House fly larvae as fish feed in the EU

03.12.2017  /  Scienceandmore  /  Category: Animal Biology

The house fly (HF) (scientifically Musca domestica) is another insect that can be used to convert organic wastes into high protein animal feed.

Mature house flies are greyish in colour, covered in hair, and around 6 to 7 mm long. In general, they live 15 to 25 days. Four to 20 days after copulation, female HFs lay around 500 eggs spread across a couple of days, often into moist substrate such as manure or garbage heaps. Whitish larvae hatch from these eggs within eight to 20 hours after ovipositon (egg deposition). House fly larvae (HFL) immediately start to feed on the present organic material, and require four to 30 days to complete their larval stage and enter pupation, depending on temperature and nutrient availability. Pre-pupal larvae are approximately three to nine mm in length and weigh around 13 mg (1,2).

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Pros and Cons of house flies for animal feed production

An advantage of HF is that females lay a large amount of eggs; approximately 500 eggs in the wild and more than 2000 eggs in the controlled environment of the lab. Accompanied by the completion of their larval stage within four days under optimal conditions, HFs seem to be suited for a rapid production of larvae for animal feed production. Similar to BSF, the pre-pupa larval stage is commonly utilised for animal feed production.

HFL can grow on a wide range of organic substrates, including nutrient-poor cow manure, suggesting that they are relatively frugal. This characteristic could be used to turn organic wastes or low-quality substrates into high quality protein for animal feed, as well as nutrient rich fertilisers. HFL also require only small amounts of substrate for feeding, partly due to their fast life cycle. Around 1500 larvae have been reared on around 450 g of fresh manure.

In many studies, animal manure has been used as substrate for HFL. Interestingly, investigations showed that HFL feed on microbes that can be found in great numbers on manure. It has been hypothesised that the actual feed for HFL are microbes and not so much the manure itself (2,3). This, however, could relativise the utilisation of HFL for fish feed production in the EU due to the restrictions for substrates according to EU legislation. Approved substrates could be wheat bran for example. This substrate, however, would potentially not host enough microbes to effectively nourish HFL. Eventually, further investigations are needed to confirm this hypothesis.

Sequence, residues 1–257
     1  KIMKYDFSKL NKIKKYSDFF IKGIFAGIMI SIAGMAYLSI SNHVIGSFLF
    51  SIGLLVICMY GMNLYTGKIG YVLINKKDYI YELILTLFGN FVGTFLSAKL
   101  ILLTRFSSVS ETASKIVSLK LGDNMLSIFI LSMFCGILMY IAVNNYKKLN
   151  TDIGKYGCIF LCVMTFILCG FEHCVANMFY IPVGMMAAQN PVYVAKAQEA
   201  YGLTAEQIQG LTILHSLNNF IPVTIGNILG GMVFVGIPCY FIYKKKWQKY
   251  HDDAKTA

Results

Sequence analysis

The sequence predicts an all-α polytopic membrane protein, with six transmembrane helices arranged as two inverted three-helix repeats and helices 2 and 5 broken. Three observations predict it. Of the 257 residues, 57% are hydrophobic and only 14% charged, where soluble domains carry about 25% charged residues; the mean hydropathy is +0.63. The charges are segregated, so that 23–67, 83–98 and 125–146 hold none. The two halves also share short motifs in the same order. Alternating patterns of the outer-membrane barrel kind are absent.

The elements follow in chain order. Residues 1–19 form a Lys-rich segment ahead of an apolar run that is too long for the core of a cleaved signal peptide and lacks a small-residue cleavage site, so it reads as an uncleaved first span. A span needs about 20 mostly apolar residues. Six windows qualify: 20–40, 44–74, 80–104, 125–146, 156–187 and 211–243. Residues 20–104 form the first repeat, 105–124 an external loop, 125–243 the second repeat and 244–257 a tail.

The migration behaviour of HFL for pupation could be used for self-collection, similar as it has been proposed for BSFL. However, opinions differ on this topic, since it has been found that HFL grow in manure, pupate directly there and emerged as adult flies without migration to dryer spaces upon pupation. Thus, other collection methods that utilise mesh could be used. Here, the substrate with larvae is spread in a thin layer on the mesh and is subsequently exposed to light. HFL are photophobic and will try to escape the light by migration through the mesh into a container placed below (2,3).

The possession of mouth parts of adult HF and their requirement to feed is regarded as a disadvantage. Adult HF externally liquefy their feed via saliva, which is considered to be the time of possible pathogen transmissions. HF are considered as a pest and carriers of diseases due to this feeding mechanisms, however, no pathogen contamination of fish via HFL meal has been reported (2,4).

HFL also require temperatures between 25 °C and 32 °C, and a high humidity between 60 % and 75 % for optimal growth and development. This could necessitate additional temperature and humidity control, especially during the colder months of the year (1,3).

Hands-on experience found a strong unpleasant odour emerging at the rearing site of HFL. Pests could potentially be attracted to the rearing site when it is situated outside. The odour could also be a nuisance for adjacent neighbours, especially during summer months. Therefore, it could be more suitable to rear HFL in a controlled indoor environment with forced ventilation and gas cleaning.

Nutrient composition of house fly larvae

The nutrient content of HFL varies based on their rearing substrate. Generally, HFL consists of 40 % to 60 % crude protein (which is lower than fishmeal with around 65 % crude protein). The quality of the crude protein is determined by its amino acid (AA) balance. Since fish in aquaculture are mostly omnivorous and carnivorous, and are known to prey on other fish, the AA profile of a fish feed should be oriented towards the profile of fishmeal. Compared to fishmeal, HFL meal has a modestly lower amount of the AAs isoleucine, leucine, and lysine. It has often been suggested to supplement the AAs that are low in concentration in order to bring the AA profile of insect meal up to par with the one of fishmeal. This approach, however, was objected to and no addition of AA has also been proposed (2). Eventually, investigations in different fish species, accompanied by economic calculations, would be necessary to clarify if an AA supplementation is appropriate or even needed.